The Department of Tourism (DoT) and the Office of Natural Resources and Environmental Policy and Planning (ONEP) are combining their efforts and collaborating with local and international experts to save the tourism industry from the impacts of climate change.
Weather is a factor in deciding on a tourist destination along with both the abundance and health of the destination. In terms of domestic tourism, the northern provinces have long been popular with Thais eager to experience cool weather in an abundant mountainous landscape, while those on the coastline attract both international and domestic travellers who are aficionados of the white sandy beaches and prolific underwater world.
But what if the temperatures change? If the northern region no longer has cold weather, corals in the southern islands become badly bleached, the coastline is damaged and, even out of season, prolonged flooding hits Bangkok, will tourists still travel within and to Thailand? Additional costs may be incurred by tourism-related businesses such as insurance, energy management, tourist transportation, and water and food security—what will happen to these businesses? These are just a few examples of the impacts of climate change. Other regions of Thailand also experience or will experience it to a certain extent. According to Germanwatch, Thailand ranked 10th among the countries that faced climate risks in 2007.
Tourism is a climate-sensitive industry. To counter these impacts, the Thai government is working to ensure the competitiveness of this sector in the world market, both for the health of the destinations and the well-being of the people. ONEP is currently putting climate adaptation strategies in place to ensure sustainability and resilience.
ONEP and DoT, with support from the Risk-Based National Adaptation Plan (Risk NAP) project of GIZ Thailand, organised a climate-resilient tourism development training workshop for tourism professionals including officials from relevant departments under the Ministry of Tourism, tourism associations, research organisations, and other relevant government agencies.
During the opening of the training workshop, Miss Pitjitra Maneenate, Deputy Director-General of Department of Tourism, stressed the importance of the training and the workshop, saying: “We are collaborating to determine the framework of adaptation to climate change in the tourism industry. This training workshop is essential if we are to build resilience and reduce the risks in the sector.”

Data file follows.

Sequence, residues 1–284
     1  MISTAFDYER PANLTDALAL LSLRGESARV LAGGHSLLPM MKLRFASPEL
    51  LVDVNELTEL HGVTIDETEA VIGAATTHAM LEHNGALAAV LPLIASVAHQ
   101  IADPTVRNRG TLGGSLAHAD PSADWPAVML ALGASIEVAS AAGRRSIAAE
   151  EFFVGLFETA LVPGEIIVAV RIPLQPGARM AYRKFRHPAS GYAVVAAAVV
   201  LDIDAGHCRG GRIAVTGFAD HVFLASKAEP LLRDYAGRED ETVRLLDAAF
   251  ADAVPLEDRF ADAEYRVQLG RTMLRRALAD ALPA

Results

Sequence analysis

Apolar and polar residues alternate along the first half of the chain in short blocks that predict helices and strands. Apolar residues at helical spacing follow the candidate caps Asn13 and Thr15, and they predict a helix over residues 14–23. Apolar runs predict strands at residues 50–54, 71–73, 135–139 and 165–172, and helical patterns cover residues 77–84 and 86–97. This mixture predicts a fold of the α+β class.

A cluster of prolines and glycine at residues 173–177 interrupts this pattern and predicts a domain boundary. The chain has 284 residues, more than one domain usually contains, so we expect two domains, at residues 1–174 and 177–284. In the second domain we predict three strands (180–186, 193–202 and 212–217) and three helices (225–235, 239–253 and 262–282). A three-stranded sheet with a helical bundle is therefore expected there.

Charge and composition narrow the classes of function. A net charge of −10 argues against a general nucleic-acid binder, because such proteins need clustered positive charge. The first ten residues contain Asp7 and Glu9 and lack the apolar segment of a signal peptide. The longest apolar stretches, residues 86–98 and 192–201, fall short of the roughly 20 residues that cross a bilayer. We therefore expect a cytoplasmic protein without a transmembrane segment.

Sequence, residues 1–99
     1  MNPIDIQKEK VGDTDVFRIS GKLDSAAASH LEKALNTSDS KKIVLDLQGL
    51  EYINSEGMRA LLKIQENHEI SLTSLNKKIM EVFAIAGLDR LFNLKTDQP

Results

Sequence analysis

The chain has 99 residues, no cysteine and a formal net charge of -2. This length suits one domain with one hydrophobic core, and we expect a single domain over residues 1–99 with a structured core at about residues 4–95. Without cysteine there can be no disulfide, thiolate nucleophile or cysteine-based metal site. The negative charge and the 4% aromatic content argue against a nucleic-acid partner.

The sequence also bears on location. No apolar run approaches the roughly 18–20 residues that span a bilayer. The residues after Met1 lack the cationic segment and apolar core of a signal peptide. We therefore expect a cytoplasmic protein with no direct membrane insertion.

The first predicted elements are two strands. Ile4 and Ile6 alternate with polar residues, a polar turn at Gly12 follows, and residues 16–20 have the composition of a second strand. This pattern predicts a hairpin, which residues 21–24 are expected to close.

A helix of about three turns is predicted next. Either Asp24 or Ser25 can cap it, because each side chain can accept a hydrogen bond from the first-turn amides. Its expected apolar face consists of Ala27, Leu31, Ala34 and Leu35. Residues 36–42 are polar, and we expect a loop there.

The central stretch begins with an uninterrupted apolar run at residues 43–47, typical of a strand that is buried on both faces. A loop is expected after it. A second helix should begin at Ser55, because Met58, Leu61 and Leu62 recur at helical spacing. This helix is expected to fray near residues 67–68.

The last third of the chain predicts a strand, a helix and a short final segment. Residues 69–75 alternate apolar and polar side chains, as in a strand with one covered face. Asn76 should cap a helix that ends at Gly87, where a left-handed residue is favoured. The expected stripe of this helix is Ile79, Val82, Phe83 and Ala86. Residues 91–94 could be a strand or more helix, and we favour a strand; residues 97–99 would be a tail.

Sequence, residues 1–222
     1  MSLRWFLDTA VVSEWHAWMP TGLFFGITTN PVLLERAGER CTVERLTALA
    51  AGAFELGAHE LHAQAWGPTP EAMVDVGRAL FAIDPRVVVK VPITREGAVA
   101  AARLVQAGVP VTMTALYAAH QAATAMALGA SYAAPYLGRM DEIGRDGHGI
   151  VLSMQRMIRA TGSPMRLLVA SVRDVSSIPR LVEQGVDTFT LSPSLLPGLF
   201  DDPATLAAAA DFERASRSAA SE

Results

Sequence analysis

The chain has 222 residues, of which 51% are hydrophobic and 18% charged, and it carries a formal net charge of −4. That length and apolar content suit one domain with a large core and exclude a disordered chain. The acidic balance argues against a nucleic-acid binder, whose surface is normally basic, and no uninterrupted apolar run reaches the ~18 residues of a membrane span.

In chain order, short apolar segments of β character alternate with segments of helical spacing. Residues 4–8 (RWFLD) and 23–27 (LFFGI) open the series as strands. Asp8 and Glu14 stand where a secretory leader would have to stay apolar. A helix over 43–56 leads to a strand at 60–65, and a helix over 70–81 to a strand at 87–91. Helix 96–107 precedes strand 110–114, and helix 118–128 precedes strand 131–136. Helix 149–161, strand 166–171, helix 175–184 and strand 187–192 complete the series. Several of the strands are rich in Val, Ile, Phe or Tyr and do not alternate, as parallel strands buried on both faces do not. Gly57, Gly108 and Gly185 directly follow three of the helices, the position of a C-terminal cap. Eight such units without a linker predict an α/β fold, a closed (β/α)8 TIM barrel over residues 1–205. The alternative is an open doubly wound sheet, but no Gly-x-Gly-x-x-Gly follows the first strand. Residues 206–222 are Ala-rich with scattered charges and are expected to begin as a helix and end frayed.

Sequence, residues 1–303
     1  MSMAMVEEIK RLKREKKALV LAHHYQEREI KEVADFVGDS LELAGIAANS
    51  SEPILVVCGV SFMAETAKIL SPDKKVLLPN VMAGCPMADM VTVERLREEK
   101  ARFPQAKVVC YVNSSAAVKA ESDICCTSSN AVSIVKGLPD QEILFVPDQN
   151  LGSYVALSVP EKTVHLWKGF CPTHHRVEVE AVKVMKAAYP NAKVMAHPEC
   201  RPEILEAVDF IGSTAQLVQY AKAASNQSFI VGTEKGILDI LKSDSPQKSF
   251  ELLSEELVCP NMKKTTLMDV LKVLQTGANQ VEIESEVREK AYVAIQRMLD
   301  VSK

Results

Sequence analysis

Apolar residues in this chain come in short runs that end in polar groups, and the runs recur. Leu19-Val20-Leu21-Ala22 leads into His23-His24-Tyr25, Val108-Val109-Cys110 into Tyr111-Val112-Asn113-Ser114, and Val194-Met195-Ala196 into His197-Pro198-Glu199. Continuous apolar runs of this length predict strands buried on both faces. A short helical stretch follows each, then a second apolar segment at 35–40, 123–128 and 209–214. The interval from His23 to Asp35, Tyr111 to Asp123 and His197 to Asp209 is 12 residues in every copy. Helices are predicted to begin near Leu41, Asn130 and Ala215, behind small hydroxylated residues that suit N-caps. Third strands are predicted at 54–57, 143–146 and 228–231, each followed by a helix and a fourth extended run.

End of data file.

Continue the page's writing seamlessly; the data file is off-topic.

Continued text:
Local and international experts provided knowledge on climate change adaptation, tools and methods, climate risks, hazards and socio-economic processes, and encouraged interest in contributing to climate change policy and actions through participants’ respective roles and mandates. Key climate factors, the priorities of the sector, how to assess climate risks, and risk outcomes to guide the tourism-specific Climate Change Risk Assessment were discussed with the aim of arriving at an initial agreement.
The roles and mandates of different organisations in relation to climate change were exchanged to identify policy entry points as well as information on the vulnerable areas facing major impacts, climate hazards, climate risks and Thailand’s key tourism development goals.
The next steps for participating organisations have been determined as the following:
Obtaining, assessing and analysing tourism data (ie. accommodation statistics, key attractions) and climate data
Institutional mapping and providing information on mandate
Meeting leaders of agencies and experts
Combining participatory and indicator mapping and undertaking high-level risk analysis
Thailand is one of the top tourism destinations in the world with its natural wonders, unique culture and history, hospitality and its superb location in Southeast Asia. It was the 10th most popular tourist destination in the world, and ranked 4th in terms of highest income from tourism activities in 2017 (World Tourism Organisation). In 2018, Thailand saw a record 38.27 million tourists, up 7.5% from 2017. Tourism accounted for 17.7% of the Kingdom’s GDP in 2016. In addition, the tourism industry provided more than 4.2 million jobs or 11% of total national employment (The Second National Tourism Development Plan).
Thailand’s tourism vision towards 2036
By 2036, Thailand will be one of the top quality destinations in the world, through balanced development while leveraging Thainess to contribute significantly to the country’s socio-economic development and wealth distribution inclusively and sustainably.
The Second Thailand National Tourism Development Plan (2017 – 2021), The Ministry of Tourism and Sports Thailand